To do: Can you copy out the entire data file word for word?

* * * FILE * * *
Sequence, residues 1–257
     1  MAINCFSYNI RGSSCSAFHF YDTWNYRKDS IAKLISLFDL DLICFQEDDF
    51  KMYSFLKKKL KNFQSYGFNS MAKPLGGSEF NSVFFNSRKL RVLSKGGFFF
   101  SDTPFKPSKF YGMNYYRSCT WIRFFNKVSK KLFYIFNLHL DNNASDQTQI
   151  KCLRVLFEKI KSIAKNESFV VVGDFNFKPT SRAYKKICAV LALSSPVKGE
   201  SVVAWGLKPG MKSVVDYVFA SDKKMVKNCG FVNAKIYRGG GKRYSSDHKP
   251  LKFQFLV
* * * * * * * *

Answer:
Sequence, residues 1–257
     1  MAINCFSYNI RGSSCSAFHF YDTWNYRKDS IAKLISLFDL DLICFQEDDF
    51  KMYSFLKKKL KNFQSYGFNS MAKPLGGSEF NSVFFNSRKL RVLSKGGFFF
   101  SDTPFKPSKF YGMNYYRSCT WIRFFNKVSK KLFYIFNLHL DNNASDQTQI
   151  KCLRVLFEKI KSIAKNESFV VVGDFNFKPT SRAYKKICAV LALSSPVKGE
   201  SVVAWGLKPG MKSVVDYVFA SDKKMVKNCG FVNAKIYRGG GKRYSSDHKP
   251  LKFQFLV